James said, ‘This left a lot of people waiting in the rain. Our telephone switchboard was inundated with calls from people trying to establish the position of their bus. We could tell them that all the buses were on the road, and where their bus was, what we couldn’t tell them was when they would arrive as a lot of them were stuck in heavy traffic.’
In Worcester, the closure of the main Severn bridge due to the conditions effectively cut the city in two for several days. All but one access road was flooded and buses for the western suburbs were having to take a long diversion via the bypass bridge to the south of the city. The bus station exit was also affected, meaning some buses had to load on street for a time. To keep the city linked up, Worcestershire County Council put on a free shuttle bus running between 07.00 and 22.00 across the bridge, negotiating floodwater outside the cricket club on the west bank. The County also recognised the commercial impact on city traders and offered free use of Worcester’s Park and Ride service over the weekend to encourage visitors.
Stagecoach has been praised for introducing a package of measures to help communities affected by the closure of the storm damaged railway line at Dawlish, Devon. Around 80 metres of sea wall was destroyed by high tides and storms, causing a significant stretch of railway to collapse into the sea. Work is underway to repair the seawall, but it is estimated that the line between Exeter St David’s and Newton Abbot will not reopen until mid-March. The operator is discounting single and return fares on key routes in Devon by up to 50%. The reduced fares will be available on its Hop2, Hop11 and B bus services, for all stops along the coast between Starcross and Newton Abbot. The company is further extending the travel zones covered by its multi-journey tickets to include areas affected by rail disruption. The zone for its Torbay Dayrider and Megarider tickets is being expanded to include journeys between Teignmouth, Newton Abbot and Torquay. It also extended the coverage of its ‘Exeter Plus’ Dayrider and Megarider zone to include Dawlish. Stagecoach also confirmed that it will be accepting First Great Western rail tickets on its bus journeys between Exeter and Newton Abbot while rail services remain disrupted. The operator pledged the special fares and extended travel zones will remain in place until the railway line at Dawlish is re-opened.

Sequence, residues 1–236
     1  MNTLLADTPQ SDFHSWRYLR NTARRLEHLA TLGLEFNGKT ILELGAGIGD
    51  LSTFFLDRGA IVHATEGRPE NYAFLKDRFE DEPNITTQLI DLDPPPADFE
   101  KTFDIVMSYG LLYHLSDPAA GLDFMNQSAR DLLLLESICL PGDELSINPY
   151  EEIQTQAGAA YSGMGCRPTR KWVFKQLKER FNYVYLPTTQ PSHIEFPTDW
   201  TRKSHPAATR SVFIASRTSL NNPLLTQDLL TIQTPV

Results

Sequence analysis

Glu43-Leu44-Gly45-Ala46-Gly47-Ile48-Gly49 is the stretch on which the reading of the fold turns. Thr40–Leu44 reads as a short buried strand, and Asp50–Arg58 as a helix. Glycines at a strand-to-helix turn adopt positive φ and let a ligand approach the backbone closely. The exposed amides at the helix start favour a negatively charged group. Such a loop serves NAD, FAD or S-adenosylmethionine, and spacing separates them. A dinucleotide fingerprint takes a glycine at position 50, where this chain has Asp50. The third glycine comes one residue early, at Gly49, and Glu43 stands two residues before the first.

MD of Stagecoach South West, Michael Watson, said, ‘Communities in the south west are facing a daily struggle against the impact of some of the most severe and relentless weather conditions we’ve ever seen. Transport is absolutely vital to our region to get people to work and ensure they can get on as best they can with their daily lives. At times like this it’s important we all pull together.’
Town Centre Development Manager for Dawlish and Teignmouth, Emma Kay, said, ‘We are delighted to hear that Stagecoach are providing more support for those affected by travel and have now included Teignmouth too. The railway is an essential link for our communities, which is being highlighted by the disruption that the closure is causing.’